Must be all of those Gruppe books.

christine mercer-vernon said...

i really liked the first version, until i saw the second and can see the improvements you made..the darker shadows really make the boats stand out from all the blue water, sky etc. . even though you decided to make changes, overall i am really impressed with how you really captured it on site. how long did you take on this one on the pier?

Frank Gardner said...

Hi Christine. I liked what I came away with too, but I just could not let it sit knowing I had a few things wrong.
There was probably about an hour and a half on location. Less than two for sure. I don't really keep track usually. Time flies when your having fun.
Spent about 30 minutes correcting stuff later, but taking my time. The pace slows down then. Did not want to add any more than I really needed to and did not want to ruin it. It was more like, add a few lines and think about it.

Don Gray said...

Great adjustments, Frank. The painting looks terrific.

Susan Carlin said...

Good to see you back, Frank. I love the shot of your easel and subject matter together.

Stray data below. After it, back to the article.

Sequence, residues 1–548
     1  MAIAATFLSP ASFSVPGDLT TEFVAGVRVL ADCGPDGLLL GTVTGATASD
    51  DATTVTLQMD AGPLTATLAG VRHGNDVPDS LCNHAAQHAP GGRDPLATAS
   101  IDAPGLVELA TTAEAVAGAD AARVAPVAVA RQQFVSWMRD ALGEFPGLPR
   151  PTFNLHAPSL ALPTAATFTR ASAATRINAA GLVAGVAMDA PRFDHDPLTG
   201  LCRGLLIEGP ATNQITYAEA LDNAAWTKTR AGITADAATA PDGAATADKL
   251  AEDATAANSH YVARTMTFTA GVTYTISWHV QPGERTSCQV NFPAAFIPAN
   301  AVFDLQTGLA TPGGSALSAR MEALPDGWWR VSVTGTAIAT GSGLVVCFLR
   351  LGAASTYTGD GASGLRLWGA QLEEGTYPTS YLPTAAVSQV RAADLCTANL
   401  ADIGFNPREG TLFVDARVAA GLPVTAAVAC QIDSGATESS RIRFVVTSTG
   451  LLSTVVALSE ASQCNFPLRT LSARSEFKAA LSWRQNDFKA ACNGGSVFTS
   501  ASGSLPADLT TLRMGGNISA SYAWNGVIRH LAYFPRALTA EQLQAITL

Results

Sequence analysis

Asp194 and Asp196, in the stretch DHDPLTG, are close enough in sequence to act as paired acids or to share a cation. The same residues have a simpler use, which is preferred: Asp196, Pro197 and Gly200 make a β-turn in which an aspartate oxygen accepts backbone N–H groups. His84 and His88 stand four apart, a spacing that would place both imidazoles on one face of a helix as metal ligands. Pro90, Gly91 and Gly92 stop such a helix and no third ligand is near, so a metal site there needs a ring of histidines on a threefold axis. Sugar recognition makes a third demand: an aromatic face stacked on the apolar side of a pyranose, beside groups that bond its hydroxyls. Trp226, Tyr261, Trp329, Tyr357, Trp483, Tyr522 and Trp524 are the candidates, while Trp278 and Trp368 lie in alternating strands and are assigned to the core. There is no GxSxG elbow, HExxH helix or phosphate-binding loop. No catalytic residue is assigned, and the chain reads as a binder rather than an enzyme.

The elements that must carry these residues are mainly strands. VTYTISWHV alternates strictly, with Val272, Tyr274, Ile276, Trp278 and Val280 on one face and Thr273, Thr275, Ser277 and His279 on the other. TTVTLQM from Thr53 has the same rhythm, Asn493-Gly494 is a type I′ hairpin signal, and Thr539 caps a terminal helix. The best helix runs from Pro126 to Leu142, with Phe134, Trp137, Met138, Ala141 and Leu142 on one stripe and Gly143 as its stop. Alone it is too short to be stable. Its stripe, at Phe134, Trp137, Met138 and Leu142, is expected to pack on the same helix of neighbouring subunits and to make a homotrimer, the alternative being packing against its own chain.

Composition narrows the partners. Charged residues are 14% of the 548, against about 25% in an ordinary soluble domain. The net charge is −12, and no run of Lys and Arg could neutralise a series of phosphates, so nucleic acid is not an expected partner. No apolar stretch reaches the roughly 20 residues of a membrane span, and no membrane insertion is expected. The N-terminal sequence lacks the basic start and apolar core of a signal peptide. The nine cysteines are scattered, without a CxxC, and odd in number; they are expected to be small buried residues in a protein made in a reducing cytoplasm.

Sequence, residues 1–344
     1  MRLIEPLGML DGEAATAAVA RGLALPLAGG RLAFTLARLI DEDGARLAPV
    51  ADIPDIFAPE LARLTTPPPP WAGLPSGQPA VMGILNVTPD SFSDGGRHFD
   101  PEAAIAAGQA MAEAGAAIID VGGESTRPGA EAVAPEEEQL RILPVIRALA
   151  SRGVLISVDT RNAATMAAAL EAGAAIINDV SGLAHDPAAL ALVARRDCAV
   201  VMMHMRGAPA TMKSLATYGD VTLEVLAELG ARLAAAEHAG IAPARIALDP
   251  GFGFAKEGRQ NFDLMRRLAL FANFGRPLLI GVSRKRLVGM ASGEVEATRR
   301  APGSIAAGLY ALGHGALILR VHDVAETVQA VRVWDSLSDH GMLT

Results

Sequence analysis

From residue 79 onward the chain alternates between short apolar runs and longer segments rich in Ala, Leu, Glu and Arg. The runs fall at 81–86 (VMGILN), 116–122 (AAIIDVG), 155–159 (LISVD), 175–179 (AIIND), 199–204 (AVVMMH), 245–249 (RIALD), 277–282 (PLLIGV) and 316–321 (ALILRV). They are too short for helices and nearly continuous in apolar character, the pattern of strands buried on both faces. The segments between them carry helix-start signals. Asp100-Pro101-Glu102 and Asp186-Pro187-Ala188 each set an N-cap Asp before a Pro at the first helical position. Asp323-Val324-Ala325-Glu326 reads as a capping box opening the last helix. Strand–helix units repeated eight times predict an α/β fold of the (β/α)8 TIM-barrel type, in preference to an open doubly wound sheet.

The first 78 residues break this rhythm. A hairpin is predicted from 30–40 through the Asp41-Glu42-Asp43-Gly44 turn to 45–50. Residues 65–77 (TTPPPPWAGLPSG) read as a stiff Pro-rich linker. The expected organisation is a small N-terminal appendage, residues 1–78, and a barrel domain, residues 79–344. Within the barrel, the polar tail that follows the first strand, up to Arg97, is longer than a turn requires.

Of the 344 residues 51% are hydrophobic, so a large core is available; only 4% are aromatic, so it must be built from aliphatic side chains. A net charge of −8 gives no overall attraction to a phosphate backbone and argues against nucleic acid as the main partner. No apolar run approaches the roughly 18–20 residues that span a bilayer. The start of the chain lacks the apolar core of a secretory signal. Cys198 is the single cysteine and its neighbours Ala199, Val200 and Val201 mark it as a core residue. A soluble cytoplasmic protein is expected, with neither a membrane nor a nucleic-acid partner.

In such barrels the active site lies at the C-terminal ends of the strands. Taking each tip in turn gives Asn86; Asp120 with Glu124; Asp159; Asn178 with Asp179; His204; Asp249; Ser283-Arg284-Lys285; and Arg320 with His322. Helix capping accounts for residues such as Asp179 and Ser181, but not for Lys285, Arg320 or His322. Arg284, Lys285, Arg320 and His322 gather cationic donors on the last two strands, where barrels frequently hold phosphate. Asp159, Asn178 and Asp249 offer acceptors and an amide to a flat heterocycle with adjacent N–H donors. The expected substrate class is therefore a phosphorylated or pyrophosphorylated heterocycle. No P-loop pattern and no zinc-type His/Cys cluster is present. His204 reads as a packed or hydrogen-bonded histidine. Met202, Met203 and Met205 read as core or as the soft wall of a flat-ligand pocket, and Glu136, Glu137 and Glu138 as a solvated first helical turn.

Similar to Christine, I thought the first version right on, but agree that the painting improved with the tweaking you did. I do envy you the trip to Ptown, so it's good to see your wonderful paintings of the place.

E. Floyd said...

Thanks for sharing the process on your blog!

Dean H. said...

Another great painting, Frank. All of your improvements were "right on". Perfect o!

onpainting said...

I'm very impressed. That is a large well painted plein air piece.

Barbara Pask said...

Frank, I scrolled back and forth and the improvements you made do make a difference. What a beautiful place to paint. Thank you for keeping a watchful eye on me, I appreciate your input so much. Barb

Frank Gardner said...

Thank you Don. I think I may attempt an afternoon shot of the same boats from a photo.

Frank Gardner said...

Hi Susan. I could have gotten away with leaving it, but I knew I could make it a little better with just a few touches.
Ptown was great. We were going to go back up and spend the day again, but the rains set in.

Frank Gardner said...

Hi Liz, thanks for leaving a comment. I've noted your blog and will take a better look when I get the chance.

Frank Gardner said...

Thanks a lot Dean.

Frank Gardner said...

I'm assuming it's Bill, thanks. It is large for me plein air, but I want to try larger. I think my brushwork would have more room on a larger size. I'm hoping to get the nerve up to try a 24x30 someday.

Frank Gardner said...

Hi Barb. It is a pretty great painting spot. We were further on down the dock too. There is a lot going on out on the pier. I could spend a lot of time there.